The simulation loop is then performed by the function sdeLoop, which is given:

• The stepper function

• The noise amplitude (“dither”)

• The initial point (t0,x0)

• A randomization offset

• The number of points to generate

The current point is initialized to (t0,x0), and then the stepper is repeatedly applied to the current point and the current noise sample. The output returned is the sequence of (t,x) values.

The noise samples are normally distributed random numbers stored in an array. They get scaled by the noise amplitude when they are used. The array contains more values than are needed. By changing the starting point in the array, different instances of the process are obtained.

Making your own version of the program

Now it’s time to start tweaking the program to do new things!

First we’ll make a local copy of the program on your local machine, and get it to run there. Open the html file, and paste its contents into a file, say c:/pkg/stochasticResonance.html. Then paste the source code, and normals.js.

Now point your browser to the file (give file URL example), to make sure that you see the contents, and the model runs. To prove that you’re really executing the local copy, make a minor edit to the html text, and check that it shows up when you reload the page. Then make a minor edit to StochasticResonanceEuler.js, say by changing the label text on the slider from “forcing function” to “forcing signal.”

Programming exercises

Now let’s get warmed up with some bite-sized programming exercises.

  1. Change the color of the sine wave.

  2. Change the exponent in the bistable polynomial to values other than 2, to see how this affects the output.

  3. Add an integer-valued slider to control this exponent.

  4. Modify the program to perform two runs of the process, and show the output signals in different colors.

  5. Modify it to perform ten runs, and change the output signal to display the point-wise average of these ten runs.

  6. Add an input slider to control the number of runs.

  7. Add another plot, which shows the standard deviation of the output signals, at each point in time.

  8. Replace the precomputed array of normally distributed random numbers with a run-time computation that uses a random number generator. Use the Sample-Path slider to seed the random number generator.

  9. When the sliders are moved, explain the flow of events that causes the recalculation to take place.

I have created the following wiki page for people wish to share any of their code, and notes, related to this article. Just create a section with your name.

A small research project

What is the impact of the frequency of the forcing signal on its transmission through stochastic resonance?

• Make a hypothesis about the relationship.

• Check your hypothesis by varying the Frequency slider.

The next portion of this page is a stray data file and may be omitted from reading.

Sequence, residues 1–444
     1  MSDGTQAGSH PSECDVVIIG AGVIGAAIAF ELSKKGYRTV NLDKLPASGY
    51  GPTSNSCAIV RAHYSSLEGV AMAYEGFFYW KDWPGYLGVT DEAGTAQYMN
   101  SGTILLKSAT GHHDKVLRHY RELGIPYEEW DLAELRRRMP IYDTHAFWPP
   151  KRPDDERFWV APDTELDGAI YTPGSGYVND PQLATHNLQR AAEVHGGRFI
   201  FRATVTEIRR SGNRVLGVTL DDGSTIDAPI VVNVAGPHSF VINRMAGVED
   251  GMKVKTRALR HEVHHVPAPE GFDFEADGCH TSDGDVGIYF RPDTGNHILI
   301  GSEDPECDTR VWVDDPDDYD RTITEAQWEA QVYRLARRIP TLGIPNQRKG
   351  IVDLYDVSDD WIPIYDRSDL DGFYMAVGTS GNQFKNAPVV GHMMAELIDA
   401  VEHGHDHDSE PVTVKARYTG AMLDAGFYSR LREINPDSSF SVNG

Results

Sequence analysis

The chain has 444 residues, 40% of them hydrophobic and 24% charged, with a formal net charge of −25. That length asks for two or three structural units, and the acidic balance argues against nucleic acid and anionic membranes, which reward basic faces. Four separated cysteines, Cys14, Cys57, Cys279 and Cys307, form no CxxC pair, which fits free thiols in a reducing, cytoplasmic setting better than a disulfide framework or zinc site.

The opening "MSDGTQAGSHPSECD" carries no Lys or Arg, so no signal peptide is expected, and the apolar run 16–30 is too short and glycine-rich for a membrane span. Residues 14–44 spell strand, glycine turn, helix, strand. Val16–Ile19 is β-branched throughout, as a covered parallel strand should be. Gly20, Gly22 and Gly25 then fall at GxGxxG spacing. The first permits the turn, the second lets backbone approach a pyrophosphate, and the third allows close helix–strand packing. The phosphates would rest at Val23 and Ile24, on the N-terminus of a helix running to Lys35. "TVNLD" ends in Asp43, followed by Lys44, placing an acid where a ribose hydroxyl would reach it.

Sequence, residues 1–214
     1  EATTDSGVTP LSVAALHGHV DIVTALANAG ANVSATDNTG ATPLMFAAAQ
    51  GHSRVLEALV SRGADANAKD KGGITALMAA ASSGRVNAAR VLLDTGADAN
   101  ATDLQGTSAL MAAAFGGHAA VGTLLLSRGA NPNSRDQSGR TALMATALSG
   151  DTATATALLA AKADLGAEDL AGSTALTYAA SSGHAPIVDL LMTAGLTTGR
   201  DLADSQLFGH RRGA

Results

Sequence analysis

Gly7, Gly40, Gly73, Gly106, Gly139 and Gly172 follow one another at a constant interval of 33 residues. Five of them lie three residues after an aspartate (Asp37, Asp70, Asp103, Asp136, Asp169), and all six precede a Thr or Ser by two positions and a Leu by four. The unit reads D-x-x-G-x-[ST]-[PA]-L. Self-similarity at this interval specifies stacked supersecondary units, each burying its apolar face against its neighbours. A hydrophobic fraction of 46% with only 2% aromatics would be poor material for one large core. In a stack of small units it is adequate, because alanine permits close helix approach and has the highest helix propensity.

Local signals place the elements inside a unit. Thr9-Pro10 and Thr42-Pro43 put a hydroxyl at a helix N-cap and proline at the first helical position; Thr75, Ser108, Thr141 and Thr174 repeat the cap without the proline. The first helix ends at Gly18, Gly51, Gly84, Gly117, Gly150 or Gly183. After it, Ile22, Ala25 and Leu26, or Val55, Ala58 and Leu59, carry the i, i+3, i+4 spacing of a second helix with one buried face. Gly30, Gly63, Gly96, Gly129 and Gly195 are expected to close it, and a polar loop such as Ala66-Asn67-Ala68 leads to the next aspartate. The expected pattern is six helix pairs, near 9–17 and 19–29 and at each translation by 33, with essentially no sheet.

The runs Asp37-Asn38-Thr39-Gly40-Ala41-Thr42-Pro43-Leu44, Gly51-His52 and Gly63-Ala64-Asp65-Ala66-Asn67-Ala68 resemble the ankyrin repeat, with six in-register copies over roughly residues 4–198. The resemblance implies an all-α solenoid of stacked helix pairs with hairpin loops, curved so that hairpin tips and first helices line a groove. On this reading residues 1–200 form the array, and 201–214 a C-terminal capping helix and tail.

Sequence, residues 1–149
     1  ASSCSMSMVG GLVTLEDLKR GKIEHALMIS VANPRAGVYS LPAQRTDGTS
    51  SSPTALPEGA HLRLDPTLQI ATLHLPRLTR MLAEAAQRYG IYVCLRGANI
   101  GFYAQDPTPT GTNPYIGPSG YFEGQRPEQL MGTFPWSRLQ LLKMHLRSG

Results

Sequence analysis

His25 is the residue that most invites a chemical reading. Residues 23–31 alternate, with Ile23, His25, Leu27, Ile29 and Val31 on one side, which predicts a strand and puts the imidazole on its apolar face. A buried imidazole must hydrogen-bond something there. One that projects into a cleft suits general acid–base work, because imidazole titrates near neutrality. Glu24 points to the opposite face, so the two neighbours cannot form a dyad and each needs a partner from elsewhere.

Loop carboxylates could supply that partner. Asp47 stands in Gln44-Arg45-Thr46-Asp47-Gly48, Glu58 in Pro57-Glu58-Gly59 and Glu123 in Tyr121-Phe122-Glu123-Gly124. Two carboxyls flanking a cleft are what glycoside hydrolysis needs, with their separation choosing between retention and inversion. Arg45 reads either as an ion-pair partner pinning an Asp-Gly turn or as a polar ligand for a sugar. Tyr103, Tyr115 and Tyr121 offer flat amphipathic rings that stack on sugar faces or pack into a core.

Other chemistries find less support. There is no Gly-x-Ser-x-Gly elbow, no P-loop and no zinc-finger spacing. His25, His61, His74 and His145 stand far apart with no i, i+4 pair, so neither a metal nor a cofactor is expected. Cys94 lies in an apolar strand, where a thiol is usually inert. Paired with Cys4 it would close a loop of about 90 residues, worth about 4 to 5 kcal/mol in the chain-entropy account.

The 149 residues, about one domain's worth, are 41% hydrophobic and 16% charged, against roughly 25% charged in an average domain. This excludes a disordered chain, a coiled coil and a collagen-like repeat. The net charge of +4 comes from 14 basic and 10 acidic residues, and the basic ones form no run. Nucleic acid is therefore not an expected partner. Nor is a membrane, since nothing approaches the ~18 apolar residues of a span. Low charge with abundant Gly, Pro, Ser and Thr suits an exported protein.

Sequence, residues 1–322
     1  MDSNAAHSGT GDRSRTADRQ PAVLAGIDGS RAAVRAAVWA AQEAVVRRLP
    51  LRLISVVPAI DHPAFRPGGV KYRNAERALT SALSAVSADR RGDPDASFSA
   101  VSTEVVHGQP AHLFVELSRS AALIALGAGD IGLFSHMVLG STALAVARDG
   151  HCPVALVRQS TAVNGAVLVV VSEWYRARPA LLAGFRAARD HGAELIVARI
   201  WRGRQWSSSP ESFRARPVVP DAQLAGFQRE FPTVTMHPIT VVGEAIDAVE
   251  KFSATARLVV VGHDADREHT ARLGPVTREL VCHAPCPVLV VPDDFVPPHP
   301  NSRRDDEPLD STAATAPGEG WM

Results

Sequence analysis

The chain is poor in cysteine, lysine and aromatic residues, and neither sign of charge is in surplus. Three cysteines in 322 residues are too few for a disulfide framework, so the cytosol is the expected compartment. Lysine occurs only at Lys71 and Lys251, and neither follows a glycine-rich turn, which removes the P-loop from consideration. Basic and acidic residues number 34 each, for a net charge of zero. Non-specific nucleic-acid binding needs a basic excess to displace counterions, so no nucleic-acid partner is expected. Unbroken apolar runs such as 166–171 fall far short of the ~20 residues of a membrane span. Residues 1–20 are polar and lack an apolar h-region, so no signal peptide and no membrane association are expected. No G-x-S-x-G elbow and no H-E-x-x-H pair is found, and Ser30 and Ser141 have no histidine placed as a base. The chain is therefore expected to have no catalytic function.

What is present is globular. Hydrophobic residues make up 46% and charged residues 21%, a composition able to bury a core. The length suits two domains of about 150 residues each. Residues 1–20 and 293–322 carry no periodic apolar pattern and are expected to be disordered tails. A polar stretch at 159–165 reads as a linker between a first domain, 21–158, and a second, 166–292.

• Write a function to measure the strength of the output signal at the forcing frequency. Let sinwave be a discretely sampled sine wave at the forcing frequency, and coswave be a discretely sampled cosine wave. Let sindot = the sum product of sinwave and the output signal, and similarly for cosdot. Then the power measure is sindot2 + cosdot2.

• Modify the program to perform N trials at each frequency over some specified range of frequency, and measure the average power over all the N trials. Plot the power as a function of frequency.

• The above plot required you to fix a wave amplitude and noise level. Choose 5 different noise levels, and plot the five curves in one figure. Choose your noise levels in order to explore the range of qualitative behaviors.

• Produce several versions of this five-curve plot, one for each sine amplitude. Again, choose your amplitudes in order to explore the range of qualitative behaviors.


Besides serving an educational purpose, such programs also have applications within research: (1) they can be used to perform computational experiments in the pursuit of purely theoretical questions, and (2) they can be used to test empirical theories, by generating their predictions and comparing them to observed and historical data.

For an example of concept exploration, suppose we asked how the effectiveness of a forcing function depends on its frequency. With the current program, we could vary the frequency parameter, and observe the output. More systematically, we could write a driver program that varies the parameters and applies measures to the output signal.

For an example of theory testing, one could imagine a program that implements a model of the Milankovitch astronomical cycles, outputs this signal into the state-changing model of a given theory of climate, and then compares the output signal of the climate model with historical data.

This is the type of scientific programming that we are pursuing at the Azimuth project. It is of interest in itself, being a nice mixture of math, science, and programming, and we will be searching for applications that are relevant to our understanding of the Earth and of life’s problems (what really matters for human survival).

We are starting to prepare for a new round of development at the Azimuth Code Project. Stay tuned, or, better yet, come join us at the Azimuth Forum and help us to work out some specifications for continuation of the work described here.